Evolution of Technology Content in China’s Exports and International Comparison
Abstract: Under the global value chain, a country extensively employs foreign intermediate inputs in manufacturing its export products, which may not employ entirely local technology. Science-based measurement of technology content in and structure of exports should be conducted using production process data. Using world input-output tables (WIOTs) of 1995-2011, this paper developed a new method for measuring the export technology content of China and other major countries. Our research findings suggest that, since 1995, there has been some technology upgrade of Chinese exports. China’s overall and sector-specific technology contents, and domestic technology contents and indexes all increased and demonstrated a weak convergence towards the average level of developed countries. Judging by the relative rankings of sector-specific technology levels, China is almost locked at the lowest level in the world, and cannot challenge the technological superiority of developed countries like the U.S. and Japan.
Keywords: domestic technology content, global value chain, product technology sophistication, world input-output
JEL Classification Codes: F14
DOI:1 0.19602/j .chinaeconomist.2018.11.0519602/ j .chinaeconomist.2018.09.02
Since the 1990s, the size and structure of Chinese exports have been transformed. Chinese exports in goods increased from 148.78 billion US dollars in 1995 to 2.209 trillion US dollars in 2013, up 13.8 times. Based on traditional gross value trade data, high-tech goods accounted for a growing share of Chinese exports - a sign of technology upgrade. As a result, China’s technological sophistication of exports exceeded its income level (Rodrik, 2006). One key argument of the “China threat” theory is that China competes with both developing and developed countries in technology. In the report to the U.S.-China Economic and Security Review Commission, Scott (2005) said to the effect that, “We all believed that we only lost labor-intensive jobs like textiles jobs but were able to keep and grow jobs in capital- and tech-intensive sectors. However, data shows that we were deceived by such commonsense: a growing share of Chinese exports are from tech-intensive sectors like automobile and aviation.” China’s export technology and upgrade have always been a topic of great interest and controversy. Scientific and reasonable measurement of technology content is key to answering this question.
Over the past decade or so, deepening specialization under the global value chain and increasingly
scattered and fragmented production processes have given rise to intra-product trade on an unprecedented
1 scale. Products exported by a country (region) may not be entirely manufactured by itself. A country’s overall export technology content is not equal to the actual contribution of technology by the exporting country. In fact, it also contains the technology contributions of foreign intermediate inputs. Based on inter-industry trade theory and the assumption of product homogeneity, the two methods for product (sector) classification and technology sophistication according to factor (technology) intensity may have significant errors and cause an illusion. For instance, both the United States and China may export laptop computers, but China needs to import core components like Intel’s central processing units (CPUs) for manufacturing such computers. Despite its specialization in low-value activities like assembly, China is mistakenly regarded as an exporter of high-tech laptops under traditional gross value trade accounting. Such calculation overestimates its export technology content. In addition, technology sophistication weighted by per capita income also has many deficiencies, such as the assumption of product homogeneity and the distortion by per capita income distribution of various countries. Even if products from different countries are of the same category, their technology levels may differ. Lall et al. (2006) noted that, “Technology sophistication is subject to various non-tech factors rather than specific measurements.” In particular, Lall et al. (2006) also stated that “Measuring export technology content requires production process data rather than product data, but production processes data is difficult to acquire.” In other words, the technology content of a country’s products should be measured based on the tasks of specific production stages, i.e. the production process.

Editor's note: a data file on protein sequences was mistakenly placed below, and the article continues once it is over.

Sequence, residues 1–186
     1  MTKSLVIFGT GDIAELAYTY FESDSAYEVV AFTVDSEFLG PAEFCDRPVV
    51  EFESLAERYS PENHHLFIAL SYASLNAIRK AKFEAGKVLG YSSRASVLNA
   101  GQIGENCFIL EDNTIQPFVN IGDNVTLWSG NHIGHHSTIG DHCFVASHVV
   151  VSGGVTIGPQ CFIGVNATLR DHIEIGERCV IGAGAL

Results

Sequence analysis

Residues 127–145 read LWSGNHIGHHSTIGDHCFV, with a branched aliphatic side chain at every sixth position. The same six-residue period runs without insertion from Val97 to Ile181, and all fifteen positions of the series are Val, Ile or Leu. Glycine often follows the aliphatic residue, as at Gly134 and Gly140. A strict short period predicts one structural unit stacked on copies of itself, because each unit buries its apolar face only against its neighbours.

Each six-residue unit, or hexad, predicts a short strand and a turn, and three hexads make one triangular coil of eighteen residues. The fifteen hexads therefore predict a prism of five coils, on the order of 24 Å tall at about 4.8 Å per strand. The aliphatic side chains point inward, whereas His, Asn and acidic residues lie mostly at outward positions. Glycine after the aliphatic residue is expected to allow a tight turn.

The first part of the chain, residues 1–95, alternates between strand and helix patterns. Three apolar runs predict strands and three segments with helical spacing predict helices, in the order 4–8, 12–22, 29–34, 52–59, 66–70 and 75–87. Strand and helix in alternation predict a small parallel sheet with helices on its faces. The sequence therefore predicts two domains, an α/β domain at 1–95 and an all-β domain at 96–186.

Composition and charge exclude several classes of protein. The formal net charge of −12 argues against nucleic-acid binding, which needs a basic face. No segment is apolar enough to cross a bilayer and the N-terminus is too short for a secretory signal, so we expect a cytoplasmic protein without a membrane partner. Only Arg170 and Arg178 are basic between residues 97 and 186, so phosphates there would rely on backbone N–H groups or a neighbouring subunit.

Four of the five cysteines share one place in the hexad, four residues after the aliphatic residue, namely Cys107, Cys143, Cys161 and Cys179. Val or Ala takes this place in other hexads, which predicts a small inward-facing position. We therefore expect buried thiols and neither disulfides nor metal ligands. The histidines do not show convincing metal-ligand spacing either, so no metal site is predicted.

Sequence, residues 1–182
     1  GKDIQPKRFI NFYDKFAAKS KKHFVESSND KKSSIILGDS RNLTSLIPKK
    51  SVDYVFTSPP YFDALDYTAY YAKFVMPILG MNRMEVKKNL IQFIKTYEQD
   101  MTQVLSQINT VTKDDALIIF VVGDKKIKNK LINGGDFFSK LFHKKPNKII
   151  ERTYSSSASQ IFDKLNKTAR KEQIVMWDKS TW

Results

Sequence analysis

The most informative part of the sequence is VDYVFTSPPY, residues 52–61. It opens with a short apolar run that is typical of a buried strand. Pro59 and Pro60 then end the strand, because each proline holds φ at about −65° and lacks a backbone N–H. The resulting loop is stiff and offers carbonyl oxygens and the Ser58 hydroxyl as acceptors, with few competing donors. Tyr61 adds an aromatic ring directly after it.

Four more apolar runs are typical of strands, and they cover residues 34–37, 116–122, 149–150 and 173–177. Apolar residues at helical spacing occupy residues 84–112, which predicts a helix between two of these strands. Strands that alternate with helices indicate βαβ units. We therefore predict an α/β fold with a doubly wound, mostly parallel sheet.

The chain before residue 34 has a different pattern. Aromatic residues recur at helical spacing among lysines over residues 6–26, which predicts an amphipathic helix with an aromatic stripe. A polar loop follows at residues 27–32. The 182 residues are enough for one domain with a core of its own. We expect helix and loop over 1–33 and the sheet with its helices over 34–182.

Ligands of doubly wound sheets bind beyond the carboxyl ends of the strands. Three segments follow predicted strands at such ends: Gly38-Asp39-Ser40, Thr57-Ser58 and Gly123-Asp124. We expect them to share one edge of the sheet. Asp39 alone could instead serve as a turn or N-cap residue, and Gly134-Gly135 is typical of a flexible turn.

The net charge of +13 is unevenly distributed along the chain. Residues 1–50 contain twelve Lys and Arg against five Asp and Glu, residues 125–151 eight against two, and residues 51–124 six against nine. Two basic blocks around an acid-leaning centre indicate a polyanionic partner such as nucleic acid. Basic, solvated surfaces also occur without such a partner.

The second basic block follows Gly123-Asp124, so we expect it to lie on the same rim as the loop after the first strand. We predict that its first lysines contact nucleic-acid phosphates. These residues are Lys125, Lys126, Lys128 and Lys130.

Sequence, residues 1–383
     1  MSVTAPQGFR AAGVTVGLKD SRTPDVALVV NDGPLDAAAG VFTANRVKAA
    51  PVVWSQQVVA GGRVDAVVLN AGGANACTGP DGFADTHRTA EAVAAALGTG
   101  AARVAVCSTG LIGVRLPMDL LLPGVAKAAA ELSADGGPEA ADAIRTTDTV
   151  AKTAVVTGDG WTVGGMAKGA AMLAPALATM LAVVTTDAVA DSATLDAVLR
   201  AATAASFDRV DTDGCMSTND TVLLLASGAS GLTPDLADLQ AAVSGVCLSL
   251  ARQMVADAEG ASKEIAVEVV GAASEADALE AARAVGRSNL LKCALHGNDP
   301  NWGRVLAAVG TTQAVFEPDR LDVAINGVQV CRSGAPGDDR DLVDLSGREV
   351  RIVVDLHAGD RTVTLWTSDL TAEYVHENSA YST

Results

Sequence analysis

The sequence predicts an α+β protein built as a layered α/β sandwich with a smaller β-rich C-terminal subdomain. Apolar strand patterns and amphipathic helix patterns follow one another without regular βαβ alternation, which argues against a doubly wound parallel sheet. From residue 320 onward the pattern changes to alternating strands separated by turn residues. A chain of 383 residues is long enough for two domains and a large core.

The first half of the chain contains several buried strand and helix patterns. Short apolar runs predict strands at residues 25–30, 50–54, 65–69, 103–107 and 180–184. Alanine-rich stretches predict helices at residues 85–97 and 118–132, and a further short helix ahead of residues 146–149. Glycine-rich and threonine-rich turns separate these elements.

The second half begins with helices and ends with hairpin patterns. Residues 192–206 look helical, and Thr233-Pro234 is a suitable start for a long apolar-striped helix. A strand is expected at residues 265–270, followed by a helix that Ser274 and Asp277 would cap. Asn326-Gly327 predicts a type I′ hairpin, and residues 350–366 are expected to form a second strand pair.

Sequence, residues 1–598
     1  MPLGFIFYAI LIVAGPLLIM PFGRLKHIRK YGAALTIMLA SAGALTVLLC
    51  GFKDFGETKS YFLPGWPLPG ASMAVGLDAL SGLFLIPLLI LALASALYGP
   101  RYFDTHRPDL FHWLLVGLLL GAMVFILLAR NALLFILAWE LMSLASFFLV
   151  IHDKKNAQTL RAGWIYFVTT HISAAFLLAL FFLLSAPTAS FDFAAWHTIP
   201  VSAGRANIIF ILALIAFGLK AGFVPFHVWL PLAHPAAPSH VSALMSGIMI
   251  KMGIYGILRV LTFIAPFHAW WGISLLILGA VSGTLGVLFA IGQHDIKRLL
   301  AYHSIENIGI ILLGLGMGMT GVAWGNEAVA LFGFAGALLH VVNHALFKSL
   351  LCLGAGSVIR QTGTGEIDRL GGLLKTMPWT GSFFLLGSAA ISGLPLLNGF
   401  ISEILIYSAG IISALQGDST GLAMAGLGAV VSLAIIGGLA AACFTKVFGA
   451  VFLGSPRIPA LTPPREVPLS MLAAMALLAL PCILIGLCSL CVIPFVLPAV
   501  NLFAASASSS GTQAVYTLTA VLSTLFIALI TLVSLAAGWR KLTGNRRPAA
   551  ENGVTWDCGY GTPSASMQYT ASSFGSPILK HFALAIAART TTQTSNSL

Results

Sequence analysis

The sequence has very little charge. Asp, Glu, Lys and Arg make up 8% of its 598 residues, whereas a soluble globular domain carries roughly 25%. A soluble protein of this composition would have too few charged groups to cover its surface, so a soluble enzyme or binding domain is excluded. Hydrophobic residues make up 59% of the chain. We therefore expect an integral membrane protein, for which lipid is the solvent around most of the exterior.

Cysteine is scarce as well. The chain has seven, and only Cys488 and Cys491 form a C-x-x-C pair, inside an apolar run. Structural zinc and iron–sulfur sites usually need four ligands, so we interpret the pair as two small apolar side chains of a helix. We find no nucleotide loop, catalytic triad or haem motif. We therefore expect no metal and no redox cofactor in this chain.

For China, the questions are: Whether did its active participation in the global value chain, the international intra-product division of labor and export-related industrial development help achieve technology improvement and upgrade? What are the features of China’s export technology changes in comparison with other countries? What is China’s current position? Did China evolve from a large exporter into a more competitive one? Is there any transition from “made in China” to “designed in China”? Does the “China threat” theory hold true from a technology perspective? In order to answer these questions, we should take into full consideration the influence of the trade model under the global value chain, and adopt a more scientific method for measuring technology content.
For this reason, this paper developed a new method for measuring technology content based on production processes. This paper has the following innovations: ( 1) For the first time, product technology content is measured from a production process perspective. Overall technology content comprises final production and intermediate inputs on a weighted basis. (2) Product technology content is measured from a world input-output model perspective. This paper uses an international input-output model to measure export technology content, as well as the concept of domestic technology content. In this paper, domestic technology content includes domestic technology content returned from the import of intermediate inputs, which cannot be captured by a single-country input-output model. (3) Technology contents of the same products vary across countries, and such heterogeneity is reflected in this paper. This paper employs labor productivity to substitute the technology contents of the final production process, and obtains technology contents of sectors in various countries. In calculating product technology sophistication, the heterogeneity of the same products from different countries cannot be reflected using weighted per capita income as a substitute for technology content. (4) Under the existing input-output accounting framework, our new method also applies to the statistical accounting of product technology content and structure, and may become a new estimation method that reflects how valueadded from the global value chain creates efficiency.
The rest of this paper is structured as follows: Part 2 Literature Review elaborates deficiencies of traditional methods for measuring technology content. Part 3 introduces a new method for measuring
technology content based on the production process. Part 4 estimates the export technology contents of China and other countries, and examines their changes. Part 5 offers conclusions and further discussions.